obsessive-compulsive personality disorder

(redirected from Obsessive compulsive personality disorder)
Also found in: Dictionary.

ob·ses·sive-com·pul·sive per·son·al·i·ty dis·or·der

1. a pervasive pattern in adulthood characterized by unattainable perfectionism; preoccupation with rules, details, and orderliness; unreasonable attempts to control others; excessive devotion to work; and rumination to the point of indecisiveness, all at the expense of flexiblity, openness, and efficiency.
2. a DSM diagnosis that is established when the specified criteria are met.

obsessive-compulsive personality disorder

n.
A personality disorder characterized by preoccupation with orderliness, control, detail, and rules, often involving extreme inflexibility and excessive devotion to strict moral, ethical, or quality standards. It is distinguished from obsessive-compulsive disorder by the absence of recurrent, intrusive obsessions or compulsions.

obsessive-compulsive personality disorder

Psychiatry A condition characterized by 'A pervasive pattern of preoccupation with orderliness, perfectionism, and mental and interpersonal control at the expense of flexibility, openness, and efficiency…'DSM-IV, 1994. See Pack rat. Cf Obsessive-compulsive disorder.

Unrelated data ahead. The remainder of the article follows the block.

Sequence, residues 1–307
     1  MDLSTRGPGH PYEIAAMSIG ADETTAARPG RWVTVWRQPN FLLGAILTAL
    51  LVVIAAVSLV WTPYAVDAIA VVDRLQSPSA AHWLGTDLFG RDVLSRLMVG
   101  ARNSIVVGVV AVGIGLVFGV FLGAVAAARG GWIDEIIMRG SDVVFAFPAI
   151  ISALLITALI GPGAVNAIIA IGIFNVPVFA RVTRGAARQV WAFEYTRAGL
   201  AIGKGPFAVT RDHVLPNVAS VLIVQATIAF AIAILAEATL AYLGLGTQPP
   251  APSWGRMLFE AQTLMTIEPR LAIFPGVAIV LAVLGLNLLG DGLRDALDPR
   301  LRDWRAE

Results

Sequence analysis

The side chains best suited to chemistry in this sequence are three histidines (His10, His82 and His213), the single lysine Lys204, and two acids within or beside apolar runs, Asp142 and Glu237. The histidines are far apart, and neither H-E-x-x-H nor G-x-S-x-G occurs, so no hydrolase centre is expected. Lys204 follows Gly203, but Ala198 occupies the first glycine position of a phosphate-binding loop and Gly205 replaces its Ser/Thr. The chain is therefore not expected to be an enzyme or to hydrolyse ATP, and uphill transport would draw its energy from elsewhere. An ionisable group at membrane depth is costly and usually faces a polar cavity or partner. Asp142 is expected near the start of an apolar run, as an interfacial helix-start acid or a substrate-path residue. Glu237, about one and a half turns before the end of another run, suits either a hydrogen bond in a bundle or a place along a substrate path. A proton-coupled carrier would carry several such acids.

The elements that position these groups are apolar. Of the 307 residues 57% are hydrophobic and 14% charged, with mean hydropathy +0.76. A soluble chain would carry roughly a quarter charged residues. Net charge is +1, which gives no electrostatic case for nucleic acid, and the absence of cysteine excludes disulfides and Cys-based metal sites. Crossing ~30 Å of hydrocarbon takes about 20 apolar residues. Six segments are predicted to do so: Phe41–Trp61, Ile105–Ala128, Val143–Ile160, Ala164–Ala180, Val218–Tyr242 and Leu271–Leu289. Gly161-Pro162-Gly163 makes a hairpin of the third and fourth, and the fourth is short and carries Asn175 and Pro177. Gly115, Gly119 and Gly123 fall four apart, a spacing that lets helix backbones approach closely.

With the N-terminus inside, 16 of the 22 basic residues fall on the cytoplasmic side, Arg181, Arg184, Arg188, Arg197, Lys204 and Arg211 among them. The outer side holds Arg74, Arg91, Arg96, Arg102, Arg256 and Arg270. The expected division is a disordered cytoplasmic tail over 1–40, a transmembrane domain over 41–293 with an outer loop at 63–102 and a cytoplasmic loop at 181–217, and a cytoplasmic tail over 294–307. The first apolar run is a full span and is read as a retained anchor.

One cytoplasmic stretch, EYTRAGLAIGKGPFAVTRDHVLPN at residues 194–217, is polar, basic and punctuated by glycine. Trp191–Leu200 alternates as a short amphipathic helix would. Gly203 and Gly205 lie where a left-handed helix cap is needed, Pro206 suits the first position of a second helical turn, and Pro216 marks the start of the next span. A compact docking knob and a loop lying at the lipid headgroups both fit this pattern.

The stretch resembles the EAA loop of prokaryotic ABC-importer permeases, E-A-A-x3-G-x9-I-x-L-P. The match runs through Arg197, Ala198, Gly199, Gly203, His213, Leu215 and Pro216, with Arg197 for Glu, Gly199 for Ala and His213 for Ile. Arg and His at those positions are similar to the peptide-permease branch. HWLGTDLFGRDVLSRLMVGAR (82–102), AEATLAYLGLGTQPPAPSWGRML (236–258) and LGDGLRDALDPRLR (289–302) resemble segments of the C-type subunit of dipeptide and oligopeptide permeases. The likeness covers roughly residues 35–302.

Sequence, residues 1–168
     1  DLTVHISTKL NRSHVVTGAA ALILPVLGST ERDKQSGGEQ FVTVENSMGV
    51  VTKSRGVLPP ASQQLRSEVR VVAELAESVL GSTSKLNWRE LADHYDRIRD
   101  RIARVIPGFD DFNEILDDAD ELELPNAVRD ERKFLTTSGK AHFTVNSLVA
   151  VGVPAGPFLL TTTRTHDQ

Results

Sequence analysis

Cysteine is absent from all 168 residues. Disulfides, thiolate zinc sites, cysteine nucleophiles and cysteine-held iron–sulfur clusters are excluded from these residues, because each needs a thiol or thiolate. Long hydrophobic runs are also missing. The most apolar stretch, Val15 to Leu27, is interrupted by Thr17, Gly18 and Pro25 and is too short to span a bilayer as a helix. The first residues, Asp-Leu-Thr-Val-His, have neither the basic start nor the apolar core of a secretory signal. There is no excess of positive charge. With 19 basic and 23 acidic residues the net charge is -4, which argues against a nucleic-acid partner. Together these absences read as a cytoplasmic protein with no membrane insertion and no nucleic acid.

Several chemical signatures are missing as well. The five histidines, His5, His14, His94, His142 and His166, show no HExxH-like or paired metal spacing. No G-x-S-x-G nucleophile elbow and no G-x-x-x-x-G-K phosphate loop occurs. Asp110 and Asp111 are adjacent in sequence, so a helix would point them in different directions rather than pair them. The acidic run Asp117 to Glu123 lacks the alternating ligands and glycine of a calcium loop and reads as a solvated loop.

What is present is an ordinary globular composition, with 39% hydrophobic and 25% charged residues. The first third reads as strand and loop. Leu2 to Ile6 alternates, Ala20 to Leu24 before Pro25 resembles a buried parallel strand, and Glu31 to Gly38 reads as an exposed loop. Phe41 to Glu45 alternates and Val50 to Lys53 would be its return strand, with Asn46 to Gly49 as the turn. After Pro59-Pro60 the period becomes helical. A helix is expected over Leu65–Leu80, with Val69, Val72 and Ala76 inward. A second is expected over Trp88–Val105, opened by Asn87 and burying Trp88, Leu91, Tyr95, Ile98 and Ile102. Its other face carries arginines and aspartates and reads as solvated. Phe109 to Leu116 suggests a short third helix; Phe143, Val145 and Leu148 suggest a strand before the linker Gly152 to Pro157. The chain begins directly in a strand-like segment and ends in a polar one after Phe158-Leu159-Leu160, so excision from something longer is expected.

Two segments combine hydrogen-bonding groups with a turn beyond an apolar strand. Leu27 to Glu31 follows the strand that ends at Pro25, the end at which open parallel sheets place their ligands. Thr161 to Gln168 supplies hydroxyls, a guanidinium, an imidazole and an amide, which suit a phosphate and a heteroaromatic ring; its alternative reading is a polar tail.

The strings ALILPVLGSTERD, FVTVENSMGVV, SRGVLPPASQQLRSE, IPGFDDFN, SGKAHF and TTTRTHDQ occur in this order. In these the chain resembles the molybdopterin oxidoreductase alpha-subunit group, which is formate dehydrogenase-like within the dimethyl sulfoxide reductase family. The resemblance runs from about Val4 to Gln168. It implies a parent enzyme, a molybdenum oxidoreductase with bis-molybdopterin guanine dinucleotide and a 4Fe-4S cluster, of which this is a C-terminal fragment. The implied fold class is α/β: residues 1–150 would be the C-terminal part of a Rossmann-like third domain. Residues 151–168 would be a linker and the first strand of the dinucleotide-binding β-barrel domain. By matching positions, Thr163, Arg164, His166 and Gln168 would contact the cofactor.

ob·ses·sive-com·pul·sive per·son·al·i·ty dis·or·der

(ŏb-sesiv-kŏm-pŭlsiv pĕrsŏ-nali-tē dis-ōrdĕr)
Pervasive pattern in adulthood characterized by unattainable perfectionism; preoccupation with rules, details, and orderliness; unreasonable attempts to control others; excessive devotion to work; and rumination to the point of indecisiveness, all at the expense of flexibility, openness, and efficiency.
References in periodicals archive ?
Obsessive compulsive personality disorder as a predictor of exposure and ritual prevention outcome for obsessive compulsive disorder.
Characteristics of patients with obsessive compulsive disorder (OCD), patients with obsessive compulsive personality disorder (OCPD), and healthy controls OCD OCPD controls statistic characteristic (n = 20) (n = 25) (n = 25) (p-value) mean (sd) age 29.
Obsessive compulsive personality disorder and avoidant personality disorder were the most common Axis II diagnoses among the CIU patients, and both were significantly more prevalent in the patients than in the controls.
All of Clinton's thinking problems and emotional defenses described in this article are symptoms of Obsessive Compulsive Personality Disorder as identified by the American Psychiatric Association.

Full browser ?